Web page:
Alexei Ramirez has room for improvement and he knows it.
But after a dismal first half of play, the White Sox shortstop has had a little more to smile about of late, including a sterling defensive effort in Friday’s 1-0 win over the Cubs at Wrigley Field.
Ramirez has looked almost nothing like the Gold Glove finalist and Silver Slugger award winner he was in 2014, carrying a career-worst .547 OPS and poor defensive statistics into Saturday’s game. He’s hopeful that both he and the White Sox can change their fortunes in the second half of the season.
“I’m not happy with my performance in the first half, but I think it’s going to turn around in a good way for me,” Ramirez said through an interpreter. “The break and the All-Star Game is going to help me readjust and to think about what we can do in the second half.”
“You feel very happy after a game like (Friday) because you did what you have to do to help your team win a game.”
Over the first seven seasons of his career Ramirez averaged 2.7 Wins Above Replacement, according to fangraphs.com.
This season that figure stands at minus-1 WAR -- the worst in baseball.
Much of that can be attributed to his bat as Ramirez has a .226/.252/.295 slash line with 15 doubles, two home runs and 26 RBIs in 323plate appearances. Though the White Sox need Ramirez to hit to be successful, they could absorb some of those struggles as long his glove was near to what he has done in his career and that hasn’t happened.
Ramirez heads into Saturday’s game ranked 20th of 26 among shortstops in Defensive Runs Saved with minus-5 and 18th in Ultimate Zone Rating, with a minus-1.1 rating. Several misplays have cost the White Sox severely early in the season, specifically in Toronto and Tampa Bay.
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White Sox manager Robin Ventura, however, has seen improvement lately and called Friday one of the team’s best games of the past few seasons. Critical in the effort were two spectacular double plays turned by Ramirez, the first with a diving stop and flip to Carlos Sanchez to rob Starlin Castro in the second inning. Five innings later, Ramirez also retrieved Castro’s one-hopper headed for center, tagged the runner and fired to first for another double play.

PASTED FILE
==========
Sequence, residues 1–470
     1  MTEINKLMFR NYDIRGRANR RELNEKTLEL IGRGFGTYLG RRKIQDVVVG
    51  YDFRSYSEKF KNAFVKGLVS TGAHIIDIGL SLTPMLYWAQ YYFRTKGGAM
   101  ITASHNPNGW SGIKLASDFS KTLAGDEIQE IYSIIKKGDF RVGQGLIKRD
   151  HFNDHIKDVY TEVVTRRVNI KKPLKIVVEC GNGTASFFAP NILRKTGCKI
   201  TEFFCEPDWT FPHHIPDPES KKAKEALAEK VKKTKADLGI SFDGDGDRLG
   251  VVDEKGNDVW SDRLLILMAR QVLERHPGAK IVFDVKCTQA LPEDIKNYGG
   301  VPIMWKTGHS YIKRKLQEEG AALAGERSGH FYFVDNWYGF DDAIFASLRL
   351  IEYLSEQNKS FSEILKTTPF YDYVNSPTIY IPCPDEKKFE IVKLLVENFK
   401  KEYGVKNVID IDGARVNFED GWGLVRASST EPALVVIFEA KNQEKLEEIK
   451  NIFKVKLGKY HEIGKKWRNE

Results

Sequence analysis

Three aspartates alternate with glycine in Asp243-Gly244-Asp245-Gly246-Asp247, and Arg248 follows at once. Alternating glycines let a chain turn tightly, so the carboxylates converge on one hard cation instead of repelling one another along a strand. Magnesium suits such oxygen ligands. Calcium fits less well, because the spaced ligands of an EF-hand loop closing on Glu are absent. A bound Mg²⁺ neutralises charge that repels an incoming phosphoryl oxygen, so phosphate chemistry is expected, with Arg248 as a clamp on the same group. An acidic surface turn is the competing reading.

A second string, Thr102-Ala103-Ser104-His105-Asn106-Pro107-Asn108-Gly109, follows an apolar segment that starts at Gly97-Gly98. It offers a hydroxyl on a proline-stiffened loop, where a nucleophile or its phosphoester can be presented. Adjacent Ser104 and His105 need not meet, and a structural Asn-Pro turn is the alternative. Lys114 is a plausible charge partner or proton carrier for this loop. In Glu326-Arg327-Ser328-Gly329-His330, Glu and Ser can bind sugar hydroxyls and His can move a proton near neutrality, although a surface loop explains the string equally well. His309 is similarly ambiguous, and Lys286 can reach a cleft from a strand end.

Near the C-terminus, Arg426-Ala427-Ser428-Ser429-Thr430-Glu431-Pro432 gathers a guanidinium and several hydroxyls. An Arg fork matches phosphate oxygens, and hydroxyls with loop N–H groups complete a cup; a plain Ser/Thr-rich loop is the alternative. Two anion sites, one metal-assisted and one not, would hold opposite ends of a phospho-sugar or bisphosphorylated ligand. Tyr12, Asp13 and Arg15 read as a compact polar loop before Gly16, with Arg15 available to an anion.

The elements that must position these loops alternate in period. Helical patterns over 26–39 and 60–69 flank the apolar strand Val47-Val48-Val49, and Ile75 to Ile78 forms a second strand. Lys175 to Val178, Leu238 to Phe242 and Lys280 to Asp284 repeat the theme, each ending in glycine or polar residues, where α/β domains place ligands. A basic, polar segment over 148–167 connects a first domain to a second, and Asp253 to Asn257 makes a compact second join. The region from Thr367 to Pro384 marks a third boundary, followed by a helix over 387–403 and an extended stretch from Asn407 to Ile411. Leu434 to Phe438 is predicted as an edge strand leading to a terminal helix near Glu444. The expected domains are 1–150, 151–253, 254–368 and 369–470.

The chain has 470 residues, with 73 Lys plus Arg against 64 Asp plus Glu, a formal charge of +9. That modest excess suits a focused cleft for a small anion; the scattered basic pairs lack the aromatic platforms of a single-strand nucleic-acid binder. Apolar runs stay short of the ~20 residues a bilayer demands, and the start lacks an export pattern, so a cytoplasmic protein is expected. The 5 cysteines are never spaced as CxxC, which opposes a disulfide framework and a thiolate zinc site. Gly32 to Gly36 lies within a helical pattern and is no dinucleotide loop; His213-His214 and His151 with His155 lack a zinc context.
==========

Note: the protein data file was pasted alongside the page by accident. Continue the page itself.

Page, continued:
“Any time you don’t catch it, it’s tough,” Ventura said. “Any time you look at it, it just doesn’t look right. I think concentration, everything else that goes with it, has to be there to play good defense. And right now he’s playing good defense.”
Ramirez missed Thursday’s game after he fouled a pitch off his left foot but feels good. He is aware his future is uncertain after this season as the White Sox hold a $10-million club option but said he tries not to worry about things he can’t control.
Which leads back to his play, something he has begun to feel better about. Ventura believes Ramirez, who has a .247 average on balls in play, is due for a bit of a market correction back toward his career mark of .291. But as long as he provides better defense, the White Sox are able to better absorb his offensive woes.
“The most important thing is we won like a team because the defense did what its supposed to do and that was very important,” Ramirez said. “I feel good because I was able to help the team to get that victory.”